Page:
Making Bread

There is nothing quite like the aroma and flavour of home-made bread — and if it is made in bulk, loaves and rolls can last several weeks in the freezer. In fact loaves will keep for months.

Flour For the best results use ‘strong’ flour (with high gluten content) to obtain a large volume and open texture. Dense, coarse textured brown bread with a nutty taste can be produced from wholemeal flour (containing 100 per cent wheat) or wheatmeal flour (80-90 per cent wheat, including germ and some bran).

Yeast Buy fresh yeast which is creamy in colour, firm to touch and easy to break. Keeps up to 5 days in a cool place.

It is essential that all equipment is warm, as yeast is killed by extreme heat or cold during fermenting. However, yeast can be stored, deep frozen, successfully. Dried yeast is more convenient because it can be stored for a much longer time (up to six months) and so is ideal in times of emergency.

Remember that dried yeast is more concentrated: 25 g (1 oz) fresh yeast equals 15 g (½ oz) dried yeast.


Important to improve flavour and strengthen the gluten in the flour, but too much will destroy the yeast, resulting in heavy, uneven bread.


Water alone, or a mixture of water and milk, can be used to produce the correct consistency.


Used to soften and enrich doughs for making buns, tea bread and savarins.


Important for the bread to rise, as it is a source of food for the yeast although too much will kill the yeast.

Kneading and rising

Kneading is essential for the strengthening and development of the gluten, to enable the bread to rise. Push the dough over towards you, pushing down and away with the knuckles and giving the dough a quarter turn before repeating the procedure. Alternatively, use the dough hook on the mixer, until the dough becomes firm and elastic. Cover with a lightly greased polythene bag and allow about 1 hour in a warm place (airing cupboard or over a pan of hot water). Alternatively, leave to rise in the refrigerator overnight and, before shaping, return the dough to room temperature. Short-time bread requires no rising stage.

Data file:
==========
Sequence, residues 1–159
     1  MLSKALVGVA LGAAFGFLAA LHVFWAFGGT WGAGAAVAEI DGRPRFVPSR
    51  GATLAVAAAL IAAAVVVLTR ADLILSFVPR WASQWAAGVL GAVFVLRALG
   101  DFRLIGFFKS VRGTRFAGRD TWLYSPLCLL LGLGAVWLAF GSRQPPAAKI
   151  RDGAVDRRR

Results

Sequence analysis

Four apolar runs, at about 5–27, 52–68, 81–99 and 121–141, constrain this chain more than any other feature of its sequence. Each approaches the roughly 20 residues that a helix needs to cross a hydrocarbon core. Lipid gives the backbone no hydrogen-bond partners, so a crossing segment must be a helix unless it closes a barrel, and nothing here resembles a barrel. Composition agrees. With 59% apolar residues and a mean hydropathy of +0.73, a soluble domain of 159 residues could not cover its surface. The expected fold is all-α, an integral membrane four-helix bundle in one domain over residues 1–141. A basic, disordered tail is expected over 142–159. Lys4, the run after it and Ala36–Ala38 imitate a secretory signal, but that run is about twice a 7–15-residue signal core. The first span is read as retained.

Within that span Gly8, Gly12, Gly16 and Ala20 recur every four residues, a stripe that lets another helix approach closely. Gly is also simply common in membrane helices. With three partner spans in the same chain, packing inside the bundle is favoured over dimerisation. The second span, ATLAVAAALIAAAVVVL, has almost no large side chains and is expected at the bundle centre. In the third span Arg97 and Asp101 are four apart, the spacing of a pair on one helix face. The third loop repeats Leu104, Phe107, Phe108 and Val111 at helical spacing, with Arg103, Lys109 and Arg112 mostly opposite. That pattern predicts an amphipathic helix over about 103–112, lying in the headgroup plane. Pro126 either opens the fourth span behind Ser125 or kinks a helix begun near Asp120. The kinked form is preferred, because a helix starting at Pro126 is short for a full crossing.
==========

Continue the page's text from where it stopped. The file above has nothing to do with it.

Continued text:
Knocking back and proving

Re-knead to knock out the air bubbles, and to produce a well-risen and even-textured loaf. Knock back, throwing the dough on to a board, pounding it with your fists, and throwing it down again on the breadboard. Repeat the process three times. Shape as shown below, put into tins, cover with greased polythene and leave to rise at room temperature until double in size (proving).


Remove polythene and bake in a hot oven at 200-230°C (400-450°F) Gas Mark 6-8, according to the recipe. Loaves will take 30— 35 minutes and rolls 15-20 minutes. It helps to improve the texture of the loaf if a bowl of hot water is placed at the bottom of the oven to create steam. On removal the bread should be golden brown.

Short-time Bread Recipe

25 g (1 oz) fresh yeast

25 mg ascorbic acid

450 ml (¾ pt) warm water

675 g (1 ½ lb) strong flour

15 ml (1 tablespoon) salt

5 ml (1 teaspoon) caster sugar

15 g (½ oz) butter

Dissolve yeast and ascorbic acid in water. Sift dry ingredients into a bowl. Rub in butter. Add liquid and bind mixture. Knead, wrap in polythene and leave to rise. Knock back and shape into tin. Wrap and leave in a warm place until double.


Coarse, open texture Too much liquid; over-proving; oven too cool.

Texture uneven, with large holes Incorrect knocking back; insufficient mixing; over-proving.

Heavy, close texture Insufficient kneading or proving; yeast killed.

Crumbly and stales quickly Over-proving; oven at too low temperature; flour too soft; too much yeast.

Yeasty flavour Too much or stale yeast; over-proving. Pale crust Cool oven; insufficient sugar.

Dark crust Hot oven; too much sugar.

Thick crust Oven too cool. Loaf rises over tin Too much dough in tin; over-proving. Cracks in crust Too much liquid; under-proving; oven too hot.

Flat top Poor shaping of dough; dough too wet; insufficient salt.

Dough collapses when put into oven Over-proving.

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